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The uptake of wildlife research in Botswana: a study of productive interactions

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posted on 2021-04-19, 11:26 authored by Monica MorrisonMonica Morrison
Dissertation presented for the degree of Doctor of Philosophy in Science and Technology Studies in the Faculty of Arts and Social Sciences at Stellenbosch University.

This study set out to identify and understand whether research carried out in or about Botswana Botswana has been focused on producing useful and used work in the area of wildlife and related natural resources, with a view to improving the management of these resources. The study investigated this by examining the interactions of researchers and stakeholders engaged in the management, conservation, and use of wildlife resources in northern Botswana.

This work draws on the idea that broader societal impact of research can be estimated by following interactions of researchers with potential users of their research throughout the research process. This approach, based on the idea of productive interactions, acknowledges the difficulty of attributing the uptake, use, and impacts of research findings, and moves the focus of investigation from outcomes at the end point of investigation to all the stages and processes of research. Interactions of researchers with potential users of the research - its stakeholders - increase the likelihood of research findings being put to use. In the thesis, this process is viewed through the concept of an extended community of practice that demonstrates mutual engagement, joint enterprise, and shared repertoire.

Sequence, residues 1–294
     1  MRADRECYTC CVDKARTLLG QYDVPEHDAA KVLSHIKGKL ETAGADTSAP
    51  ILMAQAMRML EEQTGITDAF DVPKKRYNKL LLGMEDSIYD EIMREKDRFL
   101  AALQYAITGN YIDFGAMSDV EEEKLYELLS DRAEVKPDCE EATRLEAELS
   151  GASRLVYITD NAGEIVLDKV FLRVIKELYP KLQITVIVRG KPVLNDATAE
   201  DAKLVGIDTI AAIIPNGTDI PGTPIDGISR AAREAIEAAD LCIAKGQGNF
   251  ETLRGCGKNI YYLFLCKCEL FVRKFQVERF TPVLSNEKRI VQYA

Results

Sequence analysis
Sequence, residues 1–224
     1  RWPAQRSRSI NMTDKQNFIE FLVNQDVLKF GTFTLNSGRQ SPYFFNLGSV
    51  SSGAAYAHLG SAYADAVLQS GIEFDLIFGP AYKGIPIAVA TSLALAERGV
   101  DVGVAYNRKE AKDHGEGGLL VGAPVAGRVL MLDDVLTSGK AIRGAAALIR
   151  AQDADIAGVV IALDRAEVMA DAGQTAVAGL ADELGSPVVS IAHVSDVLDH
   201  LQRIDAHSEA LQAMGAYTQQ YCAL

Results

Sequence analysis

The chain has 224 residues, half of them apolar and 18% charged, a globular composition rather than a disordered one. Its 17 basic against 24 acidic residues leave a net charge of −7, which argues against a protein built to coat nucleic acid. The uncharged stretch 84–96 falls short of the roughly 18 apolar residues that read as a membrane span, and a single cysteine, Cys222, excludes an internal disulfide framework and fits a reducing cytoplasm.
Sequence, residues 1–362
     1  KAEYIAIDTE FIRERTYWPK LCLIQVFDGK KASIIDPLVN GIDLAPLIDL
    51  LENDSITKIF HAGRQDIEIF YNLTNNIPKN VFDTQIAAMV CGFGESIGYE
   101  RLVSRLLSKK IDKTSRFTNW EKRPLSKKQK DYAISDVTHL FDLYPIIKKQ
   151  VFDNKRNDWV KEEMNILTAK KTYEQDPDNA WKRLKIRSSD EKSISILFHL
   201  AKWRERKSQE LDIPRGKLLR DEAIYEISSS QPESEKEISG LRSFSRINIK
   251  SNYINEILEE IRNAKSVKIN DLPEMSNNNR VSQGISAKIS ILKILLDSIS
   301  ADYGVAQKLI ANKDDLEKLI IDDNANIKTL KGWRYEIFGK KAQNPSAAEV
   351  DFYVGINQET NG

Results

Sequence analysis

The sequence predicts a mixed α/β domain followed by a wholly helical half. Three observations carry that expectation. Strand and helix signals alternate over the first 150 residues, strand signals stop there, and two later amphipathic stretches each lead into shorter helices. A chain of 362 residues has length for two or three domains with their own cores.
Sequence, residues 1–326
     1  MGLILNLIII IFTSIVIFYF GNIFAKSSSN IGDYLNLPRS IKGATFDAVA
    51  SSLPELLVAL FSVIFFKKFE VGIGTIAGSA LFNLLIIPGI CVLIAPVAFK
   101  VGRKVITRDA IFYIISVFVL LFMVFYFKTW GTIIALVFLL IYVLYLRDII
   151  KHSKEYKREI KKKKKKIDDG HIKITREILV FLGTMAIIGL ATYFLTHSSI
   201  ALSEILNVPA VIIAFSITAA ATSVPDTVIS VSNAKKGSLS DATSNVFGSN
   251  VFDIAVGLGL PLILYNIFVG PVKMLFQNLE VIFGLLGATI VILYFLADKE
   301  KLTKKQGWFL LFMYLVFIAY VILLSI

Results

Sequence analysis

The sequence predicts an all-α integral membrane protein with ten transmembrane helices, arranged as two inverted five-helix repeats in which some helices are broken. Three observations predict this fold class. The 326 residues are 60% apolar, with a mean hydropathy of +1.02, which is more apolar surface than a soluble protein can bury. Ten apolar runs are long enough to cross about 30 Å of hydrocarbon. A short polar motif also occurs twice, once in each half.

The study used a mixed methods case study approach including literature review, surveys of principal investigators working under Government of Botswana permits and audience members of a public outreach event, interviews, analysis of document content and bibliographic records, and ad hoc participant observation to establish patterns of interaction among researchers and stakeholders working in northern Botswana, and to investigate perceptions of research use.

The study found that the northern Botswana's research community of practice consists of a strong core of researchers based in academic institutions and Non-Governmental Organisations (NGOs) who interact with more loosely connected members of the private sector and several levels of government, and with local community members. Findings included that researchers who engage with non-academic stakeholders outside the inner core of this community of practice at early stages, and throughout the research process, are more likely to see their research applied. Their success also appears to be linked to their commitment to working longer-term in northern Botswana, which allows for more, and deeper, interactions with stakeholders.

Findings of this study point to validation of the concept of productive interactions in a local community of practice, with effects that extend beyond Botswana and southern Africa. While productive interactions are already taking place in this community, many of them brokered by NGOs, increased deliberate incorporation of the productive interactions approach into the practice of government managers, researchers, and the tourism private sector is likely to increase the relevance, awareness, and uptake of the resulting findings, and to build trust and understanding among research stakeholders.

Related resources:


IDRC Doctoral Research Award 2014

South Africa NRF grant 2015-2018